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NICE guidelines for the investigation of stable chest pain: what are the implications for cardiac imaging?
  1. Edward T D Hoey
  1. Department of Radiology, Heart of England NHS Trust, Birmingham, UK
  1. Correspondence to Edward TD Hoey, Department of Radiology, Heart of England NHS Trust, Heartlands Hospital, Bordesley Green East, Birmingham, West Midlands B9 5SS, UK; edwardhoey1{at}gmail.com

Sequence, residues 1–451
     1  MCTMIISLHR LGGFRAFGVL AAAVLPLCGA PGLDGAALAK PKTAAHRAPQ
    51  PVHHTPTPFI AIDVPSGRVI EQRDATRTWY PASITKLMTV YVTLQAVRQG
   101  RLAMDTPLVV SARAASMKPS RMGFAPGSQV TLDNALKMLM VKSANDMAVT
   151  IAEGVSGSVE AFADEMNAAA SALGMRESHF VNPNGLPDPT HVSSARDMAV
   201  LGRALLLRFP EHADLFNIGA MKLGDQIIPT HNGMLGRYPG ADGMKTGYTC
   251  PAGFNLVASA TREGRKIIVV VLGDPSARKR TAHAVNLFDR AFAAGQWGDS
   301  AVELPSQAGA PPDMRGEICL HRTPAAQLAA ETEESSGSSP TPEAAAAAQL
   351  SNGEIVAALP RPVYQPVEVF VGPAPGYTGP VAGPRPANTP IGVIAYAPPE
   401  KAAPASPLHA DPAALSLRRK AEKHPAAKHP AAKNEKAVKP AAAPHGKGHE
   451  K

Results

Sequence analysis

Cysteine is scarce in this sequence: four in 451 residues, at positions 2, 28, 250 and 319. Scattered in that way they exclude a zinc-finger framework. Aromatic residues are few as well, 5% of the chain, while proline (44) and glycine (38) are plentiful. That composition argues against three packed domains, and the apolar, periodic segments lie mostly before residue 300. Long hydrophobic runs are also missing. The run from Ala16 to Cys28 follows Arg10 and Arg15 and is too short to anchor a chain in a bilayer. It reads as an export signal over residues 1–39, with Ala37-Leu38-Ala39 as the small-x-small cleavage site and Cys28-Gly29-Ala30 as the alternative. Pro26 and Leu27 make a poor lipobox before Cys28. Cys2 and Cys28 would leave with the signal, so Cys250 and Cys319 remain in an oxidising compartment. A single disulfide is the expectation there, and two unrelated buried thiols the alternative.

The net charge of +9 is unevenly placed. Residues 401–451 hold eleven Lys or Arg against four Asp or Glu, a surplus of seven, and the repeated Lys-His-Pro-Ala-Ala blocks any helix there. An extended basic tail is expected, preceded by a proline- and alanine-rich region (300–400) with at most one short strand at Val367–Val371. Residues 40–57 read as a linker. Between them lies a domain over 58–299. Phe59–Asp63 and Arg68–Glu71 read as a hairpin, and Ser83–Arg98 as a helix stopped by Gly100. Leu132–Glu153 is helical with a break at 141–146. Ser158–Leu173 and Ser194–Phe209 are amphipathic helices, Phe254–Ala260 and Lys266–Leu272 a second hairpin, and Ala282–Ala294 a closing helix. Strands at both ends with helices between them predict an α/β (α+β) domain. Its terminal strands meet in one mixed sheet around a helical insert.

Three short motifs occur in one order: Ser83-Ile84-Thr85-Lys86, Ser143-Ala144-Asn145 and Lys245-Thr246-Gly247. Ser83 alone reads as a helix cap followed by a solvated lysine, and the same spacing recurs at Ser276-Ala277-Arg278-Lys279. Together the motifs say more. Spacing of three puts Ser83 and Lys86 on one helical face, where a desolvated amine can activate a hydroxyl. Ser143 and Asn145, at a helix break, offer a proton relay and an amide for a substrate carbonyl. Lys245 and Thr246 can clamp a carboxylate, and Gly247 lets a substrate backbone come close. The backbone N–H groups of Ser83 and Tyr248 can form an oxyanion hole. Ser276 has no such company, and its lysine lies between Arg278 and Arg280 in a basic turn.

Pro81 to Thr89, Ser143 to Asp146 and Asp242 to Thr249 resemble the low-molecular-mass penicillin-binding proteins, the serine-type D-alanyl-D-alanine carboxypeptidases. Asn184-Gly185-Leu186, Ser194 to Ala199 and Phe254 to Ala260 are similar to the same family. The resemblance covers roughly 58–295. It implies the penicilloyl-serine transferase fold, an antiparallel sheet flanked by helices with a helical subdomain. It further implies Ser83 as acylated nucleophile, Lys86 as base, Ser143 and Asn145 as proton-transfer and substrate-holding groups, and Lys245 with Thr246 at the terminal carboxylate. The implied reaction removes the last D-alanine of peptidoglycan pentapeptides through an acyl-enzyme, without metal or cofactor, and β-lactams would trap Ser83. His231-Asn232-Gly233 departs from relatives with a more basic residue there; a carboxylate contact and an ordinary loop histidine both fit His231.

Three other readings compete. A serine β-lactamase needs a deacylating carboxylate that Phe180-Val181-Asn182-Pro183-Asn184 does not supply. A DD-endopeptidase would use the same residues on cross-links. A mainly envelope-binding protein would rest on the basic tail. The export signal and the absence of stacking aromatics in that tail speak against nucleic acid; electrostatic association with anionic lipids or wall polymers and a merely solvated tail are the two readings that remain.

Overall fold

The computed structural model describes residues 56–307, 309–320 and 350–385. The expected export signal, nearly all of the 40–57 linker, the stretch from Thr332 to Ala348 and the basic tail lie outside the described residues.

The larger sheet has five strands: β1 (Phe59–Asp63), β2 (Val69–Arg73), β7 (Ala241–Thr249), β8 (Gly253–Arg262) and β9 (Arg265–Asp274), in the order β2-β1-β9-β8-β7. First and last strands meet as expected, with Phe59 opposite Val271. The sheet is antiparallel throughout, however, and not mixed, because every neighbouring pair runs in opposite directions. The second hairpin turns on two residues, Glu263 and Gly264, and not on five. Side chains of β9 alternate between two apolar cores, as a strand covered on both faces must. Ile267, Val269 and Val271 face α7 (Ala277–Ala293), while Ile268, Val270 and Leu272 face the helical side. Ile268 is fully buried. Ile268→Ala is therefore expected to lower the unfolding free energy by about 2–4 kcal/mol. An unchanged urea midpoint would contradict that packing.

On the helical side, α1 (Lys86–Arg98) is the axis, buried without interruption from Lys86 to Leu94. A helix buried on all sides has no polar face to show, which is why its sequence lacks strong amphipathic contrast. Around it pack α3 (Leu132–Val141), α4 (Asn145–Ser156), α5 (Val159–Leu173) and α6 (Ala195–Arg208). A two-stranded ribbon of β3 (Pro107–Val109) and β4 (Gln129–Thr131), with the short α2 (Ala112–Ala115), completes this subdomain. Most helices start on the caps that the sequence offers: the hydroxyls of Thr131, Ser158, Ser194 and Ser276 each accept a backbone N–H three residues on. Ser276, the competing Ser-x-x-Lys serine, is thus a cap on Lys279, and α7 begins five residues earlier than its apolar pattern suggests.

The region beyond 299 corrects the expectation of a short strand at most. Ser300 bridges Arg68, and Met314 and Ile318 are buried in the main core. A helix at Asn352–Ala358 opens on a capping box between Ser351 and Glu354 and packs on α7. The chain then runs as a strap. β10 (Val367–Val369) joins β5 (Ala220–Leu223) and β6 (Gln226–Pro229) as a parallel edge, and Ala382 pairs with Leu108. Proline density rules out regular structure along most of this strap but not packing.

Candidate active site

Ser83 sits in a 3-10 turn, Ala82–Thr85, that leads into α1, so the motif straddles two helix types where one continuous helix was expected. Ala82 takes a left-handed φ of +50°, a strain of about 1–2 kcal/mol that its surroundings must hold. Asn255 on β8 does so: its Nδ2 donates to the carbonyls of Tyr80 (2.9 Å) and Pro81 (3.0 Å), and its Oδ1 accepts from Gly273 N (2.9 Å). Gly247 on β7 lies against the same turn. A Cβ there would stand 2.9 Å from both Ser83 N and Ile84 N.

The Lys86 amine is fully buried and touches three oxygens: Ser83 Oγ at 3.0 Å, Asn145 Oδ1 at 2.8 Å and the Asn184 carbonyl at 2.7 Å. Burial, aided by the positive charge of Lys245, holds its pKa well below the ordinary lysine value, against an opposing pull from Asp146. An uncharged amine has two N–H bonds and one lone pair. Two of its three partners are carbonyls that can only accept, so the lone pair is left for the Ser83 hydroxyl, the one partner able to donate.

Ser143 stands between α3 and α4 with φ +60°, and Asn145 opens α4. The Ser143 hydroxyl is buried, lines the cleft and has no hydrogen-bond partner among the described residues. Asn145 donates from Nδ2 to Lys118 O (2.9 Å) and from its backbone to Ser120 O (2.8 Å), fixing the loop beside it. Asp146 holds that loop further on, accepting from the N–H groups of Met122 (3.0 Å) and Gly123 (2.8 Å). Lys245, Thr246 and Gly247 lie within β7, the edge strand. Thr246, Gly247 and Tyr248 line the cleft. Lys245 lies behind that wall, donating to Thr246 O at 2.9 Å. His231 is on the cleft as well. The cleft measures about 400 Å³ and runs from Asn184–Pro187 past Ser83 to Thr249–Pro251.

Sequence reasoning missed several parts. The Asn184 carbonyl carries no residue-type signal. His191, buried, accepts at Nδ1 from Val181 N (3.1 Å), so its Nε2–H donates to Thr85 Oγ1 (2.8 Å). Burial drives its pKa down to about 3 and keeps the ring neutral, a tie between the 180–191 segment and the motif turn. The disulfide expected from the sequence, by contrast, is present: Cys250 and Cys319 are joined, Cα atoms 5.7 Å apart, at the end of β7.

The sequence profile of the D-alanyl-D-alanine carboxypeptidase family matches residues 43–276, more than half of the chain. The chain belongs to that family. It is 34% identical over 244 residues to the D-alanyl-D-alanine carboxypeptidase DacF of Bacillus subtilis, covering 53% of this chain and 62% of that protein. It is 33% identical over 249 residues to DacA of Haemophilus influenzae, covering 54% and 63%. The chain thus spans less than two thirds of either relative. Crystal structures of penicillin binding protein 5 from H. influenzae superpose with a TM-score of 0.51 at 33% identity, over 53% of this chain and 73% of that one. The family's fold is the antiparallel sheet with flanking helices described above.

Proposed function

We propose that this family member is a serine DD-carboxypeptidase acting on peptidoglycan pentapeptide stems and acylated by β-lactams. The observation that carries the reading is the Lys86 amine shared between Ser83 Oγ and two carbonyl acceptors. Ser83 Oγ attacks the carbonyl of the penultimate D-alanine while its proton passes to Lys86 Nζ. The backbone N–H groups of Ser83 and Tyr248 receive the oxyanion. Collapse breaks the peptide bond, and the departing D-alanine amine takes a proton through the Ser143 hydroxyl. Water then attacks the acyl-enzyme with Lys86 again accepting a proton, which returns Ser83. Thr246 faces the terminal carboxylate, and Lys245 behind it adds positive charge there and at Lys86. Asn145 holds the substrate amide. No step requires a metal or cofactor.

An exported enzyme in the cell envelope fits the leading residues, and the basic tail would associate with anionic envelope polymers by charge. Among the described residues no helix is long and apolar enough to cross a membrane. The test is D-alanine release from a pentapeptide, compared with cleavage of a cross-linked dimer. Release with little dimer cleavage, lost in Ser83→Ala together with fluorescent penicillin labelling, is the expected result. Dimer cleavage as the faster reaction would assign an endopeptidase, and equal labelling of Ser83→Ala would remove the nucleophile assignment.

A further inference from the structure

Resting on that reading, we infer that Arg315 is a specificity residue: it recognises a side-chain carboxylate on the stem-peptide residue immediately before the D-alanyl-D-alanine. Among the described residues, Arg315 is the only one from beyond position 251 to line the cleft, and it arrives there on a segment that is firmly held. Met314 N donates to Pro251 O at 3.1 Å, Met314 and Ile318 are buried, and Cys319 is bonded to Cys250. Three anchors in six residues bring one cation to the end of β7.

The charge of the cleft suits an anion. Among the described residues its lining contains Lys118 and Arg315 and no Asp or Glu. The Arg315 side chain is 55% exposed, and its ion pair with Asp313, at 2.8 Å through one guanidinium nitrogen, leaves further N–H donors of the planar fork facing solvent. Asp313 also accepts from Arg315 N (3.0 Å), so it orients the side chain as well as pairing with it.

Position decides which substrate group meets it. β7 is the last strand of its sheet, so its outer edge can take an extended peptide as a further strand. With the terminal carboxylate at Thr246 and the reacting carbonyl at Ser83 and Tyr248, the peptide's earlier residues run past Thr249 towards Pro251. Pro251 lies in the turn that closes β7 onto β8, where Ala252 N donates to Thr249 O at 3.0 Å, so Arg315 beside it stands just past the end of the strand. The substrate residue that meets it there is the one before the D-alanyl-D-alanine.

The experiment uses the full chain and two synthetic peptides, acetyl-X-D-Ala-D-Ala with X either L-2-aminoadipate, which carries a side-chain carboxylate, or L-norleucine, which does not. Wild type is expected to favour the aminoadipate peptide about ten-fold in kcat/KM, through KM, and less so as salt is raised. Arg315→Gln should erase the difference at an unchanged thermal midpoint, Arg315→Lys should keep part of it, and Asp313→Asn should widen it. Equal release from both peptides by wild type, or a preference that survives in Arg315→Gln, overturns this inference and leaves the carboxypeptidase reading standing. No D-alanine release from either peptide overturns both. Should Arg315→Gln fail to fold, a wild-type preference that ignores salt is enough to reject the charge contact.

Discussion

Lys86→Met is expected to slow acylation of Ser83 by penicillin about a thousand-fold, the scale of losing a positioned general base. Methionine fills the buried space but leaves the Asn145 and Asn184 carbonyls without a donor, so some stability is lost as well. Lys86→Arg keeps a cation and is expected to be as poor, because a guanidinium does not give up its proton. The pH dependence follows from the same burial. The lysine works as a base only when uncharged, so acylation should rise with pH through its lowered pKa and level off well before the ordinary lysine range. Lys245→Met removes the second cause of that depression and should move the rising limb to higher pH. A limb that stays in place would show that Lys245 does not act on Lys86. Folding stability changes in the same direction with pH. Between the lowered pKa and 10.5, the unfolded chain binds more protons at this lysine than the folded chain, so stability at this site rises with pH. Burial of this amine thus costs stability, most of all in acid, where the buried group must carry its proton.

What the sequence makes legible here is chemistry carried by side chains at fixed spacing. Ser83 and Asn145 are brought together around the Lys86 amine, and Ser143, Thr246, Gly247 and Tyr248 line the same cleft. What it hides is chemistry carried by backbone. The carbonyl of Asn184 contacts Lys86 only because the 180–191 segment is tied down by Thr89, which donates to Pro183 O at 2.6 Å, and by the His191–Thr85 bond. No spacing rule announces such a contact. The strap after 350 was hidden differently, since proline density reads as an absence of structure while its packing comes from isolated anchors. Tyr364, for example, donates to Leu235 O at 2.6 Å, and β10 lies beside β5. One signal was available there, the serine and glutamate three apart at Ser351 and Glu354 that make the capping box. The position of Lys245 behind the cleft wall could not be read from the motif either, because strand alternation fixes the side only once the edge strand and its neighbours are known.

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In March 2010, the National Institute for Health and Clinical Excellence (NICE) published evidence-based recommendations on best practice in the assessment and diagnosis of patients with chest pain that may be of cardiac origin.1 For those with suspected ‘stable angina’, they recommend initial clinical risk assessment to estimate the likelihood of coronary artery disease following which the requirement for diagnostic testing (anatomical testing for obstructive coronary artery disease and/or functional testing for myocardial ischaemia) is ascertained. As such, the guideline aims to provide objective clinical criteria for determining whether diagnostic testing is necessary and if so what test should be used. One of the most controversial decisions in the guidance is the omission of exercise tolerance testing from the diagnostic algorithm. Instead, advanced cardiac imaging modalities feature heavily, including cardiac multi-detector CT (MDCT), nuclear perfusion scintigraphy, stress echocardiography and perfusion cardiac MRI. These are highly specialised and resource-intensive investigations, which not all hospitals will have direct access to, especially in the district general hospital setting.